The California Spangled Cat is a spotted cat with the appearance of a wild cat. Bred to resemble spotted wildcats such as the ocelot and leopard, the spangled cat was bred to make a statement about the plight of the world’s dwindling wildcats. Ironically, the spangled cat remains one of the rarest of cat breeds.

History and Origin
A conversation with the now-deceased anthropologist Louis Leakey inspired Paul Casey, animal advocate and writer, to undertake the creation of the spangled cat. When working on a writing project in Africa in 1971, Casey visited the famous Olduvai Gorge where years before Louis and Mary Leakey had discovered fossils of a new hominid species. While there, Casey was shocked to hear that one of the last breeding leopards in that territory had just been killed by poachers. In a later conversation in California, Casey and Dr Leakey explored the idea that if people had a domestic cat that looked like a mini-leopard… they would have a personal reason to relate to the conservation problem. The idea was, people wouldn’t want to wear fur coats that looked a lot like their beloved house pets.

The idea stuck with Casey and in the mid-1970s he drew up an 11-generation blueprint for his lap-sized leopard, using traditional Siamese, Angoras, British shorthairs, American short hair, Manx, and Abyssinians. These breeds gave Casey the core bloodline and each was introduced in a precise order to provide a specific characteristic to the breed. Contrary to rumour, no wildcats were used in the breeding program.

After he developed the core line, Casey added a spotted street cat from Egypt that possessed the feral, primitive look he wanted: a domed forehead, heavy musculature, wide-set eyes and ears, and well-defined whisker pads. And, of course, spots. This Egyptian cat, Casey claims, is a descendant of the original spotted cat worshipped in ancient Egypt. He also found that the Egyptian cat had a wonderful, social temperament, a bonus for the breed. Lastly, Casey added a shorthaired, spotted Malayan domestic cat that added musculature and a short, soft, velvety coat.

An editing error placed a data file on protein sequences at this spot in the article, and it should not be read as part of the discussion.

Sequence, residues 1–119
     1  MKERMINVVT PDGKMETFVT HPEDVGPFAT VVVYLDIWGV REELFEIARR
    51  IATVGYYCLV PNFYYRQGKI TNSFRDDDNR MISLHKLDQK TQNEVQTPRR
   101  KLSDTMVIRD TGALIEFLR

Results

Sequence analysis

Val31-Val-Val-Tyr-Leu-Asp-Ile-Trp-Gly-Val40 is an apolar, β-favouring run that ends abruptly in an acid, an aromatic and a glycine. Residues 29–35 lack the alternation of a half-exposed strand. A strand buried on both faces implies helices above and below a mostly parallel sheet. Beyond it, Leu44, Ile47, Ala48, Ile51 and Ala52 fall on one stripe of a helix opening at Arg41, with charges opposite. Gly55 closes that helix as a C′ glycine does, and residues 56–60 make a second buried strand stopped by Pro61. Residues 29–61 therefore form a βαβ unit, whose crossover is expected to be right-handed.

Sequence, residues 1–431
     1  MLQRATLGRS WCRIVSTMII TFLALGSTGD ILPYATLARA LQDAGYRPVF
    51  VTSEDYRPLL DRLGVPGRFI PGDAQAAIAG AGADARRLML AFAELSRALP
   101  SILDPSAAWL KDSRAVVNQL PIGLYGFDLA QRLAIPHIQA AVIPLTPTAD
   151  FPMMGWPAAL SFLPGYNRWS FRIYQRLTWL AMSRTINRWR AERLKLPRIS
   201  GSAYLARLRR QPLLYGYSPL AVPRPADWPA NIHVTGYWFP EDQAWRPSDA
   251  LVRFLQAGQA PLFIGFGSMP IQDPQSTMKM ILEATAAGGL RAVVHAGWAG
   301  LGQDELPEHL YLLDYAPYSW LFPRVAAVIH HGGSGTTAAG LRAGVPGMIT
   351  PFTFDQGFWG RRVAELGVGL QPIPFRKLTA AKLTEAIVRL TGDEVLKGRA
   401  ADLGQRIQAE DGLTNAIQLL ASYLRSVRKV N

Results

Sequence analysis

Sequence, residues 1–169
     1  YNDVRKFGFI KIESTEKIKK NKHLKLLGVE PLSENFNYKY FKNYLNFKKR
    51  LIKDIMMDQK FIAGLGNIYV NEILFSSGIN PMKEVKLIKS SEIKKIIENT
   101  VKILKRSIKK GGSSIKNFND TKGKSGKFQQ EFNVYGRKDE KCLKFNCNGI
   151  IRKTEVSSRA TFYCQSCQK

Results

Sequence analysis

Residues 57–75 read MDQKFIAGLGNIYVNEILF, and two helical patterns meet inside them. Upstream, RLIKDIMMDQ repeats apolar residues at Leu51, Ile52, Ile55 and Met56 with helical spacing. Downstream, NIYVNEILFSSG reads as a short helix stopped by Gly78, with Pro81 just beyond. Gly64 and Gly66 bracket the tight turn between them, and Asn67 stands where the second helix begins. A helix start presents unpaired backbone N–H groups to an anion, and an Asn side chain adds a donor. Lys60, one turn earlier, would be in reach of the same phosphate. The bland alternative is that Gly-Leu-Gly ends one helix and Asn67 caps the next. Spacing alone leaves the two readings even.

By 1985 Casey had the look he wanted for the spangled cat. He gathered a small group of breeders to help promote and propagate the breed and formed the California Spangled Cat Association now called CSCA International, not only to further the spangled cat but to promote the protection of wildcats as well.

To gain national attention for the spangled cat, Casey introduced the cat-loving public to his creation through an advertising campaign in the 1986 Neiman-Marcus Christmas catalogue. The cats were featured in a two-page spread as “his and hers” gifts priced at $1400 each. The promotion was controversial, particularly so since the same catalogue featured fox, beaver, mink, coyote and ermine fur coats. This advertising strategy managed to anger just about everyone, from the animal-rights people, who were against deliberate breeding of domestic cats, to the cat fanciers, who felt that the three spotted breeds already accepted were plenty. Even the Neiman-Marcus folks were mad; they weren’t pleased that Casey was speaking out against wearing furs.

However, it’s rightly said that there’s no such thing as bad publicity because the advertising and the controversy brought the spangled cat exposure it otherwise never would have had. Neiman-Marcus received hundreds of inquiries about the cats and took many more orders than Casey could fill. The demand for the cats depleted his stock, which slowed the breed’s development. It could be said the experimental breed creation succeeded in its primary goal, in that wearing furs of all the big cats is now banned in all western countries to deter poaching.